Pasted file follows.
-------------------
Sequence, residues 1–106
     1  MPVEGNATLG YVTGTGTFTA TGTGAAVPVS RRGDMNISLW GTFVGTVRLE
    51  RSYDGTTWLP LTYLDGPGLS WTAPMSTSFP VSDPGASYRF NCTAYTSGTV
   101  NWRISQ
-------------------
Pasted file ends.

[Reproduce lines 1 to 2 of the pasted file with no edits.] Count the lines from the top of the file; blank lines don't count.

Sequence, residues 1–106
     1  MPVEGNATLG YVTGTGTFTA TGTGAAVPVS RRGDMNISLW GTFVGTVRLE